Big score for charity cricket match

A charity cricket match and fundraising dinner held in Mossburn brought the local community together and raised almost $40,000 for Farmstrong and Southland Rural Support Trust. 

The inaugural event, held in February, was dubbed Batting For Rural Mental Health and was MC-ed by TV personality, journalist and Rural Support Trust ambassador Matt Chisholm. 

Lumsden beef farmer and keen indoor cricket player Matt Paterson organised the event with the help of some mates to bring people together and raise awareness around the importance of mental health.  

“I’ve been through some stuff myself in the past and there was a real need in the community for a big social event. Back in the day there were dances and balls and things like that, but that doesn’t happen now because people are so busy,” Matt says. 

Despite wet weather forcing the cricket match onto a tennis court with a roll-out cricket pitch, the game was a huge success with team Lumsden coming out on top. 

And there was no shortage of star power in the cricket teams with former All Black Jimmy Cowan, former Highlanders Marty Banks and Kelvin Middleton and former Black Cap Lou Vincent stepping up to take part. 

Matt, 30, says the turnout was great despite the weather, with about 200 people coming along to watch.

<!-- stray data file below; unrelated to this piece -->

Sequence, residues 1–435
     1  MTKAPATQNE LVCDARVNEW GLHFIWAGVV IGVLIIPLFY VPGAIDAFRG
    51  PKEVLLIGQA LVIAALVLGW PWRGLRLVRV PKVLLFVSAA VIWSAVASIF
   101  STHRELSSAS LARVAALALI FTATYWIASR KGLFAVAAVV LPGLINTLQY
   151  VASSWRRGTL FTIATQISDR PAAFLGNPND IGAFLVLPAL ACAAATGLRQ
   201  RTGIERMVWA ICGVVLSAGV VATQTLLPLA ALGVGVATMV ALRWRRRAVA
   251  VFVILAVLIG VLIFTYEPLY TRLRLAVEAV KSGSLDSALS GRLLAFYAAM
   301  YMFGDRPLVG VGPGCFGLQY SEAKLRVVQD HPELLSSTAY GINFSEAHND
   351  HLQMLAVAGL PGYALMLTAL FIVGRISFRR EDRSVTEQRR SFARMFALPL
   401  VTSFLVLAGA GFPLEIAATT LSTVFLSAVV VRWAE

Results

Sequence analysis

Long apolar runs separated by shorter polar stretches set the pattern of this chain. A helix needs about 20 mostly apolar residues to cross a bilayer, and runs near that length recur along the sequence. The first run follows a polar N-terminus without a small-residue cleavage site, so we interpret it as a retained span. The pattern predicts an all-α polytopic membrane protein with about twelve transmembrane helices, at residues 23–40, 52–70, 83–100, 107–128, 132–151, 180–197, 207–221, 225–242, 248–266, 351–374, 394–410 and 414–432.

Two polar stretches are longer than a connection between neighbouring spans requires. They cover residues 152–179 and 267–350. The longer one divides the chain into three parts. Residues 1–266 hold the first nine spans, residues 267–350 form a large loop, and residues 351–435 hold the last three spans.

“Everybody really loved it, and it was great to see everybody getting together and talking and enjoying themselves.” 

 After the cricket match, a fundraising dinner was held at the Mossburn Community Centre, which was also a hit with the locals. 

“There were about 250 people at the dinner, the food was great, and Matt did a fantastic job being the MC and interviewing different people up on stage about their mental health challenges.” 

Afterwards, there was an auction from some of the 69 sponsors of the event and then local band Jetset provided live music for the rest of the evening. 

Bringing community together 

Matt says the event was of huge benefit to the community. 

“It got people off the farm and got them together socialising and talking. By holding the event, we were doing something for the community and being proactive about mental health, which is great. 

“A highlight for me was just seeing everybody get together and have a good time.” 

He says the money raised will go towards organisations that help people. 

“It’s good raising money to help people and knowing the money will make a difference.” 

Feedback from the event was overwhelmingly positive, he says. 

“We know from feedback it helped someone get out of a dark place. Hearing that the event has put conversations about mental health in people’s minds is awesome.” 

 Community support essential 

Matt says the event couldn’t have gone ahead without the community support. 

“I’d just like to say a massive thanks to everyone in the community who helped out with their time and donations. It couldn’t have gone ahead without them.” 

Matt, who has a three-year-old daughter, says there are plans to make Batting For Mental Health a regular event every February. 

“Everybody in the committee who helped organise it is excited and passionate about it, and we all have kids so are thinking about their future, too.” 

 Visit the Batting For Rural Mental Health Facebook page for more information. 

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